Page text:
07-09-18

Our top National Trust properties to visit this September

With September upon us the good weather continues so we decided to review some of our favourite National Trust properties across the UK. A fantastic day out for friends and family alike, we have explored gardens, castles and some of the UK’s most magnificent houses for you to discover.


1. Bodiam Castle, East Sussex



Described as a picture perfect castle, Bodiam Castle is a an archetypal 14th century moated castle with ruined interior giving any visitor a marvellous glimpse of medieval splendour. No castle is complete without a full moat, spiral staircases and battlements, with views stretching for miles to scour for enemies. Free guided walks are available around the castle grounds.

Find out more.


2. Knowle, Kent


Knole in Kent is notable for both its size and grandeur. The former Archbishop’s palace is a vast complex of rooms, staircases and courtyards. The showrooms give a fascinating insight into a house which passed through royal hands to the Sackville family, who still live there today. Truly remarkable.

Find out more.


3. Lake District



Ok so the National Trust only owns some of the land within the Lake District, but in our mind that is enough to be able to be on our list. We love it there. With large lakes and gorgeous rolling hills, the Lake District is a fell walkers paradise, whether you have two hours or two weeks. Just remember your waterproof jacket as the weather is not that predictable.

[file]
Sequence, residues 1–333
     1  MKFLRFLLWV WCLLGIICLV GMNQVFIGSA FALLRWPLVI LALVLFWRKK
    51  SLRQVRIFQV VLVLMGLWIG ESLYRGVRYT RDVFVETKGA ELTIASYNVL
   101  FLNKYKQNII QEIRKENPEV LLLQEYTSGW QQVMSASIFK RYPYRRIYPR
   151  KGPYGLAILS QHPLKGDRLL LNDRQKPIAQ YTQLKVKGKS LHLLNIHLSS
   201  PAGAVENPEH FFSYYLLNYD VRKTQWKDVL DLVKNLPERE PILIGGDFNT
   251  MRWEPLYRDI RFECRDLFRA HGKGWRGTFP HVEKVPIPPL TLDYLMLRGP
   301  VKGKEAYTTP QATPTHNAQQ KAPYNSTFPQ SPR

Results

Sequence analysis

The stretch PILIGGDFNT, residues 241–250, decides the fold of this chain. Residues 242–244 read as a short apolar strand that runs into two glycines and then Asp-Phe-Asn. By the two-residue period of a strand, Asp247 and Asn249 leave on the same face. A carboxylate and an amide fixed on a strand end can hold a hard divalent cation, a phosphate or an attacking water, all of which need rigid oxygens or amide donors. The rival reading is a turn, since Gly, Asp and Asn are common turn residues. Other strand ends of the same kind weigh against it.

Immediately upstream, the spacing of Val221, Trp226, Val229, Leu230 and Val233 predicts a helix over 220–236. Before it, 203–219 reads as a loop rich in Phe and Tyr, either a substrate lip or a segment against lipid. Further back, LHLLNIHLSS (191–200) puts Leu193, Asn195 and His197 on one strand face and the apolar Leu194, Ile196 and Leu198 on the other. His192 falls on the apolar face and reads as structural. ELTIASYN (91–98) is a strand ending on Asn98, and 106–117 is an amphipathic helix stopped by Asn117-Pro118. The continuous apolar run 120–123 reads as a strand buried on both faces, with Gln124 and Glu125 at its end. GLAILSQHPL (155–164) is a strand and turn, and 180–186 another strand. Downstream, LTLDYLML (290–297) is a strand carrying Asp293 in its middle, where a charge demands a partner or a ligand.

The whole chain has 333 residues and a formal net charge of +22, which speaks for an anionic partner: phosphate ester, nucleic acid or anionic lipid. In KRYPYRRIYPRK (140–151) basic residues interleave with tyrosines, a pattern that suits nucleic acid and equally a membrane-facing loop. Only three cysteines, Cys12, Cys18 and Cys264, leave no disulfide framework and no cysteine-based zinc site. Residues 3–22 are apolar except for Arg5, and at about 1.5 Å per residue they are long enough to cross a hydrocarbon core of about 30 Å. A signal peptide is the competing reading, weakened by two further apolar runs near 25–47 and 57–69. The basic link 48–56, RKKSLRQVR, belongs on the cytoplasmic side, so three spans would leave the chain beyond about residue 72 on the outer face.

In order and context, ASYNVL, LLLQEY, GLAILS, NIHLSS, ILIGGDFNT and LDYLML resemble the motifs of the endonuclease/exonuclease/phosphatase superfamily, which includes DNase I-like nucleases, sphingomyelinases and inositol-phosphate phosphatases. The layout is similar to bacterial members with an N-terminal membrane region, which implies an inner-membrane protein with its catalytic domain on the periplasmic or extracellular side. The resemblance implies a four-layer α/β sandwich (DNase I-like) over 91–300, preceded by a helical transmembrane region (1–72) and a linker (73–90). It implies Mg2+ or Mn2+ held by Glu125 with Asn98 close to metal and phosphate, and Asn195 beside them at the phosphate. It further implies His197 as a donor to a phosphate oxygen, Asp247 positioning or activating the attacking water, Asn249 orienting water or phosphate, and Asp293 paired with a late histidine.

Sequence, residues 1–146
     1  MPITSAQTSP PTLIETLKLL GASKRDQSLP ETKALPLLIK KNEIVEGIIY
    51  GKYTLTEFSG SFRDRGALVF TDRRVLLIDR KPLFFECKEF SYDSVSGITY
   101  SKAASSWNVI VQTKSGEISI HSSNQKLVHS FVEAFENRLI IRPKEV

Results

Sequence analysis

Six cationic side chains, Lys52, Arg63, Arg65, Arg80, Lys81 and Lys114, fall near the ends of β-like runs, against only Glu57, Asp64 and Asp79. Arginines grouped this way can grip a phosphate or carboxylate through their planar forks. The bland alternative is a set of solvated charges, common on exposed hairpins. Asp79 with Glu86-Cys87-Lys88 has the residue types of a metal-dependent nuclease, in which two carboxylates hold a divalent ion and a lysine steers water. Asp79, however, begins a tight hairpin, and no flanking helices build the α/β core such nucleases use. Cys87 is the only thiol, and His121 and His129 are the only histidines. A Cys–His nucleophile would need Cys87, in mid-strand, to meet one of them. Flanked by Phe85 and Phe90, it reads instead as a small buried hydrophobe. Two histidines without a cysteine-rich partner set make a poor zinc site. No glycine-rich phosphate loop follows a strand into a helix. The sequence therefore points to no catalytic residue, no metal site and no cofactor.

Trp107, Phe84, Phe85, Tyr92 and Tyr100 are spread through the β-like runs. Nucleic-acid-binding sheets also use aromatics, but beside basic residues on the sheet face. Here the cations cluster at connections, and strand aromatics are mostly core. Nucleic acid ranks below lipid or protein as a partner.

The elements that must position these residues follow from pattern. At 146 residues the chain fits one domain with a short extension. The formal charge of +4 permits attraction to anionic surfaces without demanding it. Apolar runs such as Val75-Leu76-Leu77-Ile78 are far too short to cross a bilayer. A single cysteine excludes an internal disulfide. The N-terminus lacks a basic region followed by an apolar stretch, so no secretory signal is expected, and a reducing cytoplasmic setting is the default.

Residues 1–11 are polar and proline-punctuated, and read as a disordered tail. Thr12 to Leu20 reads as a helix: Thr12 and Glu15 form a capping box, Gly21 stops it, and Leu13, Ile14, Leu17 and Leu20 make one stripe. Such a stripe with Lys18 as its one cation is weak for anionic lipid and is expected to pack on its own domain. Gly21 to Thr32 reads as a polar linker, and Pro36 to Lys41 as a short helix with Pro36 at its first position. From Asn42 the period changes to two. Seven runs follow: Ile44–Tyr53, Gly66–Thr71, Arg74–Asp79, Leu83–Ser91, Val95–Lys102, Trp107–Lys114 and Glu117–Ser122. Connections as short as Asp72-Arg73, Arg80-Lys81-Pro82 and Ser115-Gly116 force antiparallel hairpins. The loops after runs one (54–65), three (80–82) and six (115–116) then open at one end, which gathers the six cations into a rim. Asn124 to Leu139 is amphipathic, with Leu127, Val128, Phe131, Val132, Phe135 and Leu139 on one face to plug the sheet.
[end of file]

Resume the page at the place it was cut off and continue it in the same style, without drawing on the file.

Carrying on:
Read the Daily Telegraphs guide here.


4. Dunster Castle and Gardens, Somerset.

Dunster Castle is over 600 years old and is perched on top of a hill. With amazing 360 degree panoramic views that reach the Bristol Channel, the property enjoys amazing gardens which are home to four different micro-climates. A huge array of plants and wildlife awaits.

Read more here.


5. Robert Burns Birthplace Museum, Ayrshire.

The Robert Burns birthplace museum is a beautiful celebration of the early life and the enduring legacy of Scotland’s national poet. Visit the humble cottage where Robert Burns was born to explore more than 5000 Burns artefacts, and once you are done, why not try a haggis in the museum café.

Read more here.